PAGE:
More than five weeks after the first Ebola diagnosis in the United States — which sparked two other cases and the beginnings of a panic that stretched from Texas to Ohio and reverberated in Washington, D.C. — the last person connected to the country’s initial Ebola experience is expected to be deemed safe from the virus.

Even as the focus on Ebola has shifted from Texas (where the first three cases were seen) to New York (where a high-profile case recently occurred), this is a noteworthy moment. In symbolic terms, it marks the closing of that particular public-health chapter; in a more concrete sense, it simply means that a person who could have been exposed to a deadly virus escaped infection.

The first person diagnosed with Ebola in this country was Thomas Duncan, a Liberian man who flew to Texas before being diagnosed Sept. 30. He died eight days later, the only Ebola patient treated in the United States to die so far. The two nurses who treated him at a Dallas hospital and were infected have both been treated and declared safe. On Friday, 38 days after Duncan’s diagnosis, one last person connected to the Texas Ebola saga will reach the last day of their monitoring period. People infected with Ebola develop symptoms within 21 days, which is why anyone who may have had contact with an infected person needs to be monitored for symptoms until that window has passed.

Health officials have monitored a total of 177 people in Texas for contact with one of the three people diagnosed with Ebola in that state (or with any of their specimens or other means of infection). Dozens of people who had possible contact with Duncan were cleared last month, and the only people who tested positive for the illness were Nina Pham and Amber Vinson, two nurses who treated Duncan.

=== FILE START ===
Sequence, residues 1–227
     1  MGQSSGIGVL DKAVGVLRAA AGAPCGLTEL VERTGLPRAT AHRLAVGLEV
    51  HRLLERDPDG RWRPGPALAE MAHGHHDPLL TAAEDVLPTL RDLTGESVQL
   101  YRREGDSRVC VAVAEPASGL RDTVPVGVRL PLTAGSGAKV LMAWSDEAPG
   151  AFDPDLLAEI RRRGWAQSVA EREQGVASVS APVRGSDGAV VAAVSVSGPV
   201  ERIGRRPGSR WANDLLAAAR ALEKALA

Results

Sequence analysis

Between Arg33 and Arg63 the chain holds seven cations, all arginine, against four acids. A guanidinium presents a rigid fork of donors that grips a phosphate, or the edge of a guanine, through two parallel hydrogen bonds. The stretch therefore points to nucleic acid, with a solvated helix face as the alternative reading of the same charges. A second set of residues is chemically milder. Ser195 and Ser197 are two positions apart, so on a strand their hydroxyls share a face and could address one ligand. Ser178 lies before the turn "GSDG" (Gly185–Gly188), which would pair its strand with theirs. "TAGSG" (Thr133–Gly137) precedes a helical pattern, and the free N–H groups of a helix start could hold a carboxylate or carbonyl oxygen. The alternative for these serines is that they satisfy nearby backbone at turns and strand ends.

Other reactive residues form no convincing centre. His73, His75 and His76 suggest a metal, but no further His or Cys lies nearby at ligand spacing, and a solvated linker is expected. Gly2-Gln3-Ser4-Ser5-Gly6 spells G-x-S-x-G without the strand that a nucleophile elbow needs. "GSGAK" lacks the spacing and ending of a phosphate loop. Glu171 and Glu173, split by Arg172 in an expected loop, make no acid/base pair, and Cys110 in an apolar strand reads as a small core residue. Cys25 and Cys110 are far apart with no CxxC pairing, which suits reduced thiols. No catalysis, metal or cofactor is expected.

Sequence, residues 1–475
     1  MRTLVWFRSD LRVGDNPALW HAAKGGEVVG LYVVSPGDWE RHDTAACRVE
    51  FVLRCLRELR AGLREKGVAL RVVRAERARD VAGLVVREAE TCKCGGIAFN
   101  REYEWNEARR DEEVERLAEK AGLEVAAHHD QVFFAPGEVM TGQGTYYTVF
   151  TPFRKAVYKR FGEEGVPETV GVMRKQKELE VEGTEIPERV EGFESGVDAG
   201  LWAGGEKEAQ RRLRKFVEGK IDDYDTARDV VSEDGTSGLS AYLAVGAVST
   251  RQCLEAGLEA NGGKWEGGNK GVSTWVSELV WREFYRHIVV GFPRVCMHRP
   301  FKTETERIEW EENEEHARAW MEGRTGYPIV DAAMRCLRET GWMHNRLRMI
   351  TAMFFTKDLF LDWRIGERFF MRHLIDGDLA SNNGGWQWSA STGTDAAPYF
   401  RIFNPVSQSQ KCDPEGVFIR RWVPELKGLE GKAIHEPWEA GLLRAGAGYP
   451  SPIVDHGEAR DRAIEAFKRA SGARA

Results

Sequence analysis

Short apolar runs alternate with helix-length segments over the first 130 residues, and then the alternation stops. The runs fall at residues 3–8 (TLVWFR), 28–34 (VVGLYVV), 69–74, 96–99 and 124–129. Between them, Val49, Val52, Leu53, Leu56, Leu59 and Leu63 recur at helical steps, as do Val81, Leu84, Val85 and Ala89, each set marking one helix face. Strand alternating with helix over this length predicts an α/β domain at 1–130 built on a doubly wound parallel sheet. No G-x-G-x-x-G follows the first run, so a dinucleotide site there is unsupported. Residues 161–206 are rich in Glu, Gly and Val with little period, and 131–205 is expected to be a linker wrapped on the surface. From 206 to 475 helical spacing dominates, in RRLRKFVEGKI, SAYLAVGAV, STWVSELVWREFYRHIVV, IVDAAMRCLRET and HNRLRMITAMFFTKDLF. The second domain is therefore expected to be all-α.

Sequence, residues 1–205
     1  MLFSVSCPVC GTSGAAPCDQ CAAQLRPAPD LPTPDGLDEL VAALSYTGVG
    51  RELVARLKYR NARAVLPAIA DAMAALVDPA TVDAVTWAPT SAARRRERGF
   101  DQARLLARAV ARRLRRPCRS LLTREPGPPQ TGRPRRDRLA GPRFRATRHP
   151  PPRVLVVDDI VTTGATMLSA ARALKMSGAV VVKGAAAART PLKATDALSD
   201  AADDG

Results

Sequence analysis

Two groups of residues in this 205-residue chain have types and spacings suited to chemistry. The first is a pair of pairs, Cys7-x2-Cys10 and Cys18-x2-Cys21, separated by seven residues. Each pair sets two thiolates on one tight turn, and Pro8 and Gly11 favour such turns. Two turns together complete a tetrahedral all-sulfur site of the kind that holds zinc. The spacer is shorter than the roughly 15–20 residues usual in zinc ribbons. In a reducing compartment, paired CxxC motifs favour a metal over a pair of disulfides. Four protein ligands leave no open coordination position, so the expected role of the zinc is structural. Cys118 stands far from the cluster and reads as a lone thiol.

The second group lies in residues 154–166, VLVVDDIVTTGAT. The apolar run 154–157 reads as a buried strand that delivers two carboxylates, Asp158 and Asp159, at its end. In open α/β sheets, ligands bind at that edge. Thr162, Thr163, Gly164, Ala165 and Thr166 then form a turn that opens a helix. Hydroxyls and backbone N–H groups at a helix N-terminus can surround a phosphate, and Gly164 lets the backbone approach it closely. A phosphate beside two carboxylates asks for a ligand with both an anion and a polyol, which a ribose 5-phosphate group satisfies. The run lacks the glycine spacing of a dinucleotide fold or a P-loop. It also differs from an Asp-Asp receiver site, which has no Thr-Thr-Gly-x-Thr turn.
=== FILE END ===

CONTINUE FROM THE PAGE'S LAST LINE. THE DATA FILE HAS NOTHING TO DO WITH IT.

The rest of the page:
The last person who is being monitored twice a day is a hospital worker who handled medical waste Oct. 17, according to the Texas Department of State Health Services. That occurred the day after Pham was transferred from Dallas to a special National Institutes of Health facility in Bethesda, Md., for treatment, and two days after Vinson was similarly moved from Dallas to Emory University Hospital. This person, presuming they do not have any symptoms by the end of Friday, will be in the clear.

“We’re happy to reach this milestone, but our guard stays up,” David Lakey, commissioner of the Texas Department of State Health Services, said in a statement.

Questions still remain about these cases in Texas, including why Duncan was sent home from the hospital when he first sought treatment (the hospital apologized for making “mistakes” but offered no explanation beyond that) and how the two nurses were infected. And there are still other people in Texas being monitored for Ebola at this moment. About 50 people returned to the state from the West African countries hit hardest by the epidemic and are being monitored; one person, a nurse who treated patients in Sierra Leone, has been asked to stay home during her 21-day window, health officials said.

Meanwhile, here is your periodic reminder that there is currently only one (1) person in the United States with Ebola.